I can’t remember the last time I got the knowing but strained look and the barely audible whisper, ‘NOOUD!’ ‘Not one of us, dear’ (or ‘darling’, depending on the company). But there it is, pretty much, in the Standard’s irresistibly nasty Mary Ma column’s comment that poor old former Executive Council convenor CY Leung “has failed to fit into the higher echelons of society.”
The Hong Kong media are reporting the outcome of the 2011 Election Committee Subsector Elections as news, maybe even big news – maybe a shock. Known or suspected supporters of CY Leung for Chief Executive won fewer seats in the electoral college than pro-democrats, let alone those who back former ex-Chief Secretary Henry Tang. And the silent, spineless and obedient undeclared majority are simply waiting to learn for sure who Beijing has decided will win the quasi-election next March, so they can cast their make-believe vote accordingly. In other words, barring a miracle, CY can’t even get enough nominations to be on the ballot.
But it’s not really news: it’s all part of the script. Presumably, headline writers have to join in the pretense that it’s not all rigged from start to finish and a one-party state might leave something to chance.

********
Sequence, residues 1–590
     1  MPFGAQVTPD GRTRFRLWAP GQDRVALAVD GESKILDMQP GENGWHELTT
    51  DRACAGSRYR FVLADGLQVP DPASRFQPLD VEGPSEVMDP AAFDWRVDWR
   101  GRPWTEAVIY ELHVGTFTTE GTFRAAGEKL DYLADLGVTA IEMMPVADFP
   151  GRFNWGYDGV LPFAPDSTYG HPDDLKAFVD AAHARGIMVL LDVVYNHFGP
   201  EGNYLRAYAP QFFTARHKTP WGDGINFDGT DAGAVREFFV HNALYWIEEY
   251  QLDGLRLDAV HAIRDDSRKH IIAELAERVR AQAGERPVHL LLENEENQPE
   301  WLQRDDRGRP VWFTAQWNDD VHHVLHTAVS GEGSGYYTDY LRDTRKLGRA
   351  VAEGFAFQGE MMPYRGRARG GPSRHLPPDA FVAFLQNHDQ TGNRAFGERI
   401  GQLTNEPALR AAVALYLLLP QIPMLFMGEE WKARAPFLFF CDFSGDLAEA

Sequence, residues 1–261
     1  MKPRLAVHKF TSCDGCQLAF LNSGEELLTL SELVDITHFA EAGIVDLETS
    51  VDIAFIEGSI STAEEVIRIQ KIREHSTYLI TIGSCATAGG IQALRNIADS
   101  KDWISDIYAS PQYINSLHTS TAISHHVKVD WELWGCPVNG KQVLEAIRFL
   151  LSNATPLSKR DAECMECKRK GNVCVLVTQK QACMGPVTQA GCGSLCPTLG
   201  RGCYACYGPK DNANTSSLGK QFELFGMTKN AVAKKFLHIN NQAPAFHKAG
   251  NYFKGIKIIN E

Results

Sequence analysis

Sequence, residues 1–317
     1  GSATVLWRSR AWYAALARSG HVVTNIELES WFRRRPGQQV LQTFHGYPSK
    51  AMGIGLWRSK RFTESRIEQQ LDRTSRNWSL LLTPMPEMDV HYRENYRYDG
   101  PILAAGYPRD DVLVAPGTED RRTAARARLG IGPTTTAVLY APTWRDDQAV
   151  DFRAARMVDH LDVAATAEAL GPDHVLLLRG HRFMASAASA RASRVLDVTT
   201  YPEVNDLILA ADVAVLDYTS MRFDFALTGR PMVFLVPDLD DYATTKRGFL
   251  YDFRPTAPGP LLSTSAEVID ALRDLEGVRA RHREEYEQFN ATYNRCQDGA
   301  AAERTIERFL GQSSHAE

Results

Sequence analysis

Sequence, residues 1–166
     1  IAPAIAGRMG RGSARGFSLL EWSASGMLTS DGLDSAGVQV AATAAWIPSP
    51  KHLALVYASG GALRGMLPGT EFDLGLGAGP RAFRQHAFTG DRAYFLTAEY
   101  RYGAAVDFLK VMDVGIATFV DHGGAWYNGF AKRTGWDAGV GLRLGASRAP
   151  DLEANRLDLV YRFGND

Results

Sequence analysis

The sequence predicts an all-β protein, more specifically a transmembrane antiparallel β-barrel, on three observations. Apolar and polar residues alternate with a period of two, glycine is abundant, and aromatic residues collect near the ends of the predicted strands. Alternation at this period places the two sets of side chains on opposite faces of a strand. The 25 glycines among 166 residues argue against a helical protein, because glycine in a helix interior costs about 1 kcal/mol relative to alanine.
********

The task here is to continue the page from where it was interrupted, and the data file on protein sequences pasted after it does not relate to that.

Scripts can of course be tossed away at short notice. Folks with long memories will recall a day in March 2005 when it became known that Chief Executive Tung Chee-hwa was standing down and would be replaced, after a CE ‘election’ of course, by none other than Chief Secretary Donald Tsang, fresh from his belittling but triumphant urban hygiene project Team Clean. The pro-Beijing loyalists were reduced to tears (literally, in at least one case) to see their beloved Communist Party elevating a running dog of the British colonialists over their heads. But the most morose face that day, when Sir Bow-Tie was seen strolling into the office smirking and whistling the Chinese national anthem, was Henry’s.
The chances of seeing that twice in a lifetime are tragically slim. (Henry is like the Euro: common sense tells you it is a disaster and will inevitably fail; cynicism and experience tell you the people making the decisions regard the alternative as unthinkable, and so common sense must and will be denied, whatever the cost.)
Sunday’s strange little election – with its low turnout, partly non-human electorate and curiously concentrated blocs of votes seemingly orchestrated by a hidden hand – leaves CY Leung with few alternatives. He will carry on for a while, perhaps angling for broad public approval in the face of a growing number of tycoons, stars and fading bureaucrats coming out as Henry supporters. Maybe even come up with a platform (now there’s an idea).
Maybe he will go down fighting like a man, failing to get enough nominations but occupying the moral high ground in the public ratings. Or perhaps, encouraged by a tap on the shoulder, he will save face and side with Henry for the sake of harmony in a time of economic uncertainty, maybe even accepting a position in the new administration. Scripts can be flexible. You can even have a happy ending where the cheeky but loveable underdog ends up being accepted into the higher echelons of society.